Pupils at some Eastbourne area schools are being taught in temporary classrooms first installed decades ago.
An East Sussex County Council document handed to the Herald lists every school in the county which is home to a temporary building, with details of what they are used for and when they were erected.
And it shows that there are a number which have been in use for well over a decade.
Earlier this month county councillors met in Lewes to discuss the issue, with many warning it would take a long time to bring every school building up to scratch because of a funding shortfall of tens of millions of pounds across the authority’s remit.
And a spokesman for the council said many of the buildings were of a high, modern standard and were generally used for things other than teaching.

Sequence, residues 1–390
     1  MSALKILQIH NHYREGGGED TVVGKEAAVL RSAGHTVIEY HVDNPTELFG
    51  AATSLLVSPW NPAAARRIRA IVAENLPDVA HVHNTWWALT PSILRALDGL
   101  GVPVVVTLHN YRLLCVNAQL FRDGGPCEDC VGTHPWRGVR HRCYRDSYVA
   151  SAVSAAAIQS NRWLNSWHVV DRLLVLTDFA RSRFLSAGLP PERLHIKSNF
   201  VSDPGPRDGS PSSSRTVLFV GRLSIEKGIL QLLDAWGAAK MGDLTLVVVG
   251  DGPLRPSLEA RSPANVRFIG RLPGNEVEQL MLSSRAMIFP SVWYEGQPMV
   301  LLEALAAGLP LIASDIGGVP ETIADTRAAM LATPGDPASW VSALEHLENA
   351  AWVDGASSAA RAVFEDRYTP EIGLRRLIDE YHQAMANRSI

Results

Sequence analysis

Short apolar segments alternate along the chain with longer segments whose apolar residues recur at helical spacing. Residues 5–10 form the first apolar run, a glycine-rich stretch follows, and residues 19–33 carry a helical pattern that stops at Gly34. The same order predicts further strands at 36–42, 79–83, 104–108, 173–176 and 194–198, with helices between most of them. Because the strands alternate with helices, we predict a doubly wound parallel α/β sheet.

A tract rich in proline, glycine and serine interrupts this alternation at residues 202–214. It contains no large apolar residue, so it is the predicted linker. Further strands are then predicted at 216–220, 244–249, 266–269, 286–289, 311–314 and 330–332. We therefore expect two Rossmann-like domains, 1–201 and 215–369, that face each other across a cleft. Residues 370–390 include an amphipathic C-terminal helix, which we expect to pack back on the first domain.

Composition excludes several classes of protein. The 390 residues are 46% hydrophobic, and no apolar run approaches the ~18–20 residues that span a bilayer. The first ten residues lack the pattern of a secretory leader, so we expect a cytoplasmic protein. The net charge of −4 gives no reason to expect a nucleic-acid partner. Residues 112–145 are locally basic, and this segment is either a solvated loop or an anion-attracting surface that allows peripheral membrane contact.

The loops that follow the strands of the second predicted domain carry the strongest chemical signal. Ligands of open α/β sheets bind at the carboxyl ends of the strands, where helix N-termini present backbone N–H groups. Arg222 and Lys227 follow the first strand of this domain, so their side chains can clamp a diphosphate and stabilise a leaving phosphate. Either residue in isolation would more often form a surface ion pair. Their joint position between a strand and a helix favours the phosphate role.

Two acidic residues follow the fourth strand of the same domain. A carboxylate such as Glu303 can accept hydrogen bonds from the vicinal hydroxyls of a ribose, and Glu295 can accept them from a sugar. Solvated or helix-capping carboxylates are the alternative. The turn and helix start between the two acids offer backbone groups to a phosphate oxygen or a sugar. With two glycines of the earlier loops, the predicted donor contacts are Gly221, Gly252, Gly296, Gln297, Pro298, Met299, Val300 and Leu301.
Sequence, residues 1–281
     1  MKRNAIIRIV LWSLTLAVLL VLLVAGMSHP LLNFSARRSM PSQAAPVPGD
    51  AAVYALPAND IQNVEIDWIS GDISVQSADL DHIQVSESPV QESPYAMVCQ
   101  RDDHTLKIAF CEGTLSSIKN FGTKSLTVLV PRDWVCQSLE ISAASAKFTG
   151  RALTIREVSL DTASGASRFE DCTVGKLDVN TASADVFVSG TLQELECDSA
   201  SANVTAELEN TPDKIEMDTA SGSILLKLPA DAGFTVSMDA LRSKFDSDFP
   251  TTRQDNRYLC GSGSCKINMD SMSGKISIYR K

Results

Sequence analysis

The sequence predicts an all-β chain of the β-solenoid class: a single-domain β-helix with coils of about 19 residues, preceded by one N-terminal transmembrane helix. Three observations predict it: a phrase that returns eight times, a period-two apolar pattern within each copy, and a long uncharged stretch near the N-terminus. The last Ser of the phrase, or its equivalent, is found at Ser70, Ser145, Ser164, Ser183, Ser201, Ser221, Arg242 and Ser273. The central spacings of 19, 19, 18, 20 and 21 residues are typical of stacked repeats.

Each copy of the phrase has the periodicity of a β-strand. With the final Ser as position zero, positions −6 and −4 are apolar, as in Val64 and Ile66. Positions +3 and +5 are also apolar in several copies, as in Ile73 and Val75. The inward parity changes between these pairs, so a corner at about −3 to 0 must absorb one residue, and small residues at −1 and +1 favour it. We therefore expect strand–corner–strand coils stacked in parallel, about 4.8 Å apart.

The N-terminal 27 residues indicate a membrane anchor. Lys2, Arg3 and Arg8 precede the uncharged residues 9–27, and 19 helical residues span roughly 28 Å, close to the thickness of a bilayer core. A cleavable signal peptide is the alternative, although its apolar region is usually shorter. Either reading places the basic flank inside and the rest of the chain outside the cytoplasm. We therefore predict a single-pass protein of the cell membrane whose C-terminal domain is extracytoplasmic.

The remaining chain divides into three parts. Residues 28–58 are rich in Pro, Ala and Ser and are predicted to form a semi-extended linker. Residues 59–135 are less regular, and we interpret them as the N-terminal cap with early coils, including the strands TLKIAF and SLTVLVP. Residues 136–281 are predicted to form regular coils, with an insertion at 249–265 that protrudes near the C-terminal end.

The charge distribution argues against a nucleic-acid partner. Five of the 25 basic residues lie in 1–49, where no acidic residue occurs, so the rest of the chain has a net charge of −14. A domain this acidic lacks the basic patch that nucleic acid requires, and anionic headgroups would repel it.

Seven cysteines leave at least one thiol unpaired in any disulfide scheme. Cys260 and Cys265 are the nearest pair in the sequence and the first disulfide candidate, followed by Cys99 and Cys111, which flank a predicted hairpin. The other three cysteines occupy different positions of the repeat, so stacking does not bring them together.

They said, “There are 20 state funded primary schools and six state funded secondary schools in Eastbourne, providing some 12,500 pupil places.
“Across these schools, there are 19 temporary buildings used for additional facilities, teaching or by community groups.
“They are of a high standard and are well maintained. There is only one temporary building that has been in place in for more than 20 years. This building provides a community facility at Shinewater school. The building is not used as a classroom.
“Retaining this building enables the school to offer a range of additional activities such as breakfast and after-school clubs and other community activities.”
However, the document seen by the Herald shows temporary buildings at Willingdon Primary School were put up before 1974; St Thomas a Becket has a music room which predate 1974; Hazel Court has a specialist teaching room built in 1989 and Hellingly Primary has a general teaching room dating back to 1995.